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Review: AMD Radeon R9 Nano

by Tarinder Sandhu on 10 September 2015, 13:01

Tags: AMD (NYSE:AMD)

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The Nano

This full-fat Fiji XT card is presented in a 6in form factor that resembles entry-level cards of yesteryear. This wolf in sheep's clothing occupies the familiar dual-slot form factor commonly seen on all high-end cards.

Build quality is predictably reminiscent of the R9 Fury X's, with AMD opting for a full-metal shroud with a brushed aluminium finish. Keeping the design aesthetic continuity is a black PCB that gives the card an understated, elegant look. What you must remember is that this card is approximately 30 per cent faster than the bigger, bulkier and louder R9 290X that was the best AMD single-GPU solution before the Fiji core's arrival.

Cooling 175W or so from a fairly large die isn't all that difficult for the latest heatsinks, but the trick for AMD is to do it in a 6in form factor with low-noise operation in mind. Here's how the Austin outfit goes about it.

This exploded view shows the cooling segmented into three specific sections. The metal shroud has cutouts on the side that usually serve to circulate air inside a chassis, but this doesn't happen in this case as the aluminium block fits snugly alongside the shroud. A 90mm temperature-controlled fan blows a steady stream of warmer air out of the back of the card.

Stripping off the card-wide aluminium heatsink reveals the custom metal plate that encompasses the central section which is home to the GPU, interposer and HBM memory. Of course, regular memory chips are conspicuous by their absence and it's their omission that enables AMD to build such a small card.

Could it be made smaller? Possibly, but there is no obvious benefit of doing so, especially as the cooling will be compromised. We're appreciative of AMD's dedicated efforts to cool the VRM components on the right-hand side - a heastink-cooled heatpipe is tasked for this specific purpose. Oftentimes a manufacturer will stick the largest slab of copper on the core yet neglect the all-important VRMs.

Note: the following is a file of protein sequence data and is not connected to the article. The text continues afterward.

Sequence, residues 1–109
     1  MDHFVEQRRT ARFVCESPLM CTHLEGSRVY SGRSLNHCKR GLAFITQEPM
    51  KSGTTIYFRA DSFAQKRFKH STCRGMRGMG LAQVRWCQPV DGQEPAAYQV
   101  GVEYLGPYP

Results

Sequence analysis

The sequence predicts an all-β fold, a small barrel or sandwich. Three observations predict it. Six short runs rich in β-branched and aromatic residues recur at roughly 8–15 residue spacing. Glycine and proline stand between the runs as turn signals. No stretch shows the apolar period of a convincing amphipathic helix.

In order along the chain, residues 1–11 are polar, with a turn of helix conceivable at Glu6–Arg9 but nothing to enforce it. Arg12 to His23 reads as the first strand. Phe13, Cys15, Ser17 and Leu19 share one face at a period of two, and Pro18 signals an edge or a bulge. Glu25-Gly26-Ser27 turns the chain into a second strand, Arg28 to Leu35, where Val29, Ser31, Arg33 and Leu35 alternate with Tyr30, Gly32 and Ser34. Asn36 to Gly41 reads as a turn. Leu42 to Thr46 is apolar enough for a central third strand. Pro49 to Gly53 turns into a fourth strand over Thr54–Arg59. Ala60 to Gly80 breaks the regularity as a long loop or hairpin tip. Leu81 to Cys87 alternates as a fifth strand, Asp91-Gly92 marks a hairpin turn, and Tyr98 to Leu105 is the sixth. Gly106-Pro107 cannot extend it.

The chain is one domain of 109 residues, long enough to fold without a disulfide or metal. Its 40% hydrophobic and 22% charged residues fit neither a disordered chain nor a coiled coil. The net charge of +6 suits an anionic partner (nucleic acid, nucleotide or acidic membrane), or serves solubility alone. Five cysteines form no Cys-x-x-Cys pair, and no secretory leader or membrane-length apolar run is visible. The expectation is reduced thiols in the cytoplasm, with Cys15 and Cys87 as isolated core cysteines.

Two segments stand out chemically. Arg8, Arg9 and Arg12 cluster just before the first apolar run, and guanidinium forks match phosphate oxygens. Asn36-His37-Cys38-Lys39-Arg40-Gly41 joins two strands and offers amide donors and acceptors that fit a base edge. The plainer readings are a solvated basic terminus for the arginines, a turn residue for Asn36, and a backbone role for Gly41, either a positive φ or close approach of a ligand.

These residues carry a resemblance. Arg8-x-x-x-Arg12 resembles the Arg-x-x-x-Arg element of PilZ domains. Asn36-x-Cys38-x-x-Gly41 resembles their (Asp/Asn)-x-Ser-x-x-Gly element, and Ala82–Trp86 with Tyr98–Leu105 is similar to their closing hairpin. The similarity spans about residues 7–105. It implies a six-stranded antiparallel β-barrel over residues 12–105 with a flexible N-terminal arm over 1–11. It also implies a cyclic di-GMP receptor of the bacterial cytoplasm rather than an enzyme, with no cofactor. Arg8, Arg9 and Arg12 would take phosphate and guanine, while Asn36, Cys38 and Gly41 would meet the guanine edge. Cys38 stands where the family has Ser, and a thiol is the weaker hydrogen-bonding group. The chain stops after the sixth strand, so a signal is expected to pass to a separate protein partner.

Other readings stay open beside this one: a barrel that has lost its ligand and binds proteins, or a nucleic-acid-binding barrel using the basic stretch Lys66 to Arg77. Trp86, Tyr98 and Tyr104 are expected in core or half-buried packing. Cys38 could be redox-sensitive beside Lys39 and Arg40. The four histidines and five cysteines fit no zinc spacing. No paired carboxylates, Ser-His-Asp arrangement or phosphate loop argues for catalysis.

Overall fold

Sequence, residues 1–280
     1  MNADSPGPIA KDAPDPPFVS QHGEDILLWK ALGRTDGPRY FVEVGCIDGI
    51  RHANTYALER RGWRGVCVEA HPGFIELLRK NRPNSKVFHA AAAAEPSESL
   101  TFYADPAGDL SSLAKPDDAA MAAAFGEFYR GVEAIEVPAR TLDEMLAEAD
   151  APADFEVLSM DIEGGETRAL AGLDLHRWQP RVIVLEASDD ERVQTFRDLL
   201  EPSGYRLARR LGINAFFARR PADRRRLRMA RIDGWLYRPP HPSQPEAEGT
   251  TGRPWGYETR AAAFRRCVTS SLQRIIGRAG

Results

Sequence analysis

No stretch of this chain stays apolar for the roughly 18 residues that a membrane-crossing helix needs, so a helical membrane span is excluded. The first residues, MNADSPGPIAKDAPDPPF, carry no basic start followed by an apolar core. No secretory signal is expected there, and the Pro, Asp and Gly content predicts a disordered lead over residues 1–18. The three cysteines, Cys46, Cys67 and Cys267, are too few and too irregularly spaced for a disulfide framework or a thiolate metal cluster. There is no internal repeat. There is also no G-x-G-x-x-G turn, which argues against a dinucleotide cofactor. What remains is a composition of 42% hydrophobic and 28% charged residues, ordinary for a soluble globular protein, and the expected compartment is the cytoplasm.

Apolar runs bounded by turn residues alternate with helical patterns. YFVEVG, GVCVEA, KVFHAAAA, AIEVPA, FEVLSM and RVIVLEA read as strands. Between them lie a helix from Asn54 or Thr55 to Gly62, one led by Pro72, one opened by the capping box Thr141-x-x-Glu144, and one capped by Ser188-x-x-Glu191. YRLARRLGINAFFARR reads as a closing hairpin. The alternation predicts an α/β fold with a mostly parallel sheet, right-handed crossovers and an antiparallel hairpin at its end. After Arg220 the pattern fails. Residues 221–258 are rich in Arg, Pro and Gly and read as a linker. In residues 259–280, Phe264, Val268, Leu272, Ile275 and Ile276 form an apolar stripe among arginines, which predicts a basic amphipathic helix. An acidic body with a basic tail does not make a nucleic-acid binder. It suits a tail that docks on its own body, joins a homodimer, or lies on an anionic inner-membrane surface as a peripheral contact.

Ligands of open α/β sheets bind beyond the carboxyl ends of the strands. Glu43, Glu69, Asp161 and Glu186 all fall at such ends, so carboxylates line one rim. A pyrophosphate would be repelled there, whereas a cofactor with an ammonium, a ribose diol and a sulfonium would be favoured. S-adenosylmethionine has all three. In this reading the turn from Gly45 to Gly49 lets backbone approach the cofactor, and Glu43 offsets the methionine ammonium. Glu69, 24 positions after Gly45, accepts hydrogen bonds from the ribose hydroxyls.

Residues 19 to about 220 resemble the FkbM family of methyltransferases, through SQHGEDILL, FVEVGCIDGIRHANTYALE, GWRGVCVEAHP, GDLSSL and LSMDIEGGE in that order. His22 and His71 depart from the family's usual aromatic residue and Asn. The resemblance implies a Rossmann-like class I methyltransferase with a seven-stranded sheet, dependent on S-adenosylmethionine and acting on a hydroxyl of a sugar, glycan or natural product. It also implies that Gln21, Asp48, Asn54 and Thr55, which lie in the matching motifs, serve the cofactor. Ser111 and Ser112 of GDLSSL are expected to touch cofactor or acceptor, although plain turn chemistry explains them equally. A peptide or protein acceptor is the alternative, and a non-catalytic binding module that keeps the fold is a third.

Power is sourced from a single 8-pin connector, which is more than capable of delivering the quoted 175W TDP to the Nano.

A closer look at the cooling shows the aforementioned copper to be widely in evidence on the cooler. It's a familiar recipe of combining a copper block with heatpipe technology. The card is more substantial than you may think at first glance, tipping the scales at 615g, with the hunk of metal constituting the majority of the weight.

The intricate nature of the heatsink and positioning makes it difficult for a partner to design their own cooling unless they opt for a custom board, which goes against the grain of the small-yet-powerful theme.

It's no surprise to see the the outputs replicating those of the Fury X - three DisplayPort 1.2 and a single HDMI 1.4. The obvious and clear refrain is that AMD missed a trick by not including HDMI 2.0, particularly as the card is purposely designed to be used in small systems that may well find a home in the living room next to the HDMI-toting TV.

Essentially what you're paying for is ultimate performance in the smallest form factor. AMD may well be setting the blueprint for all future high-end GPUs with the Nano, so let's get on over to the benchmarks and see how it performs.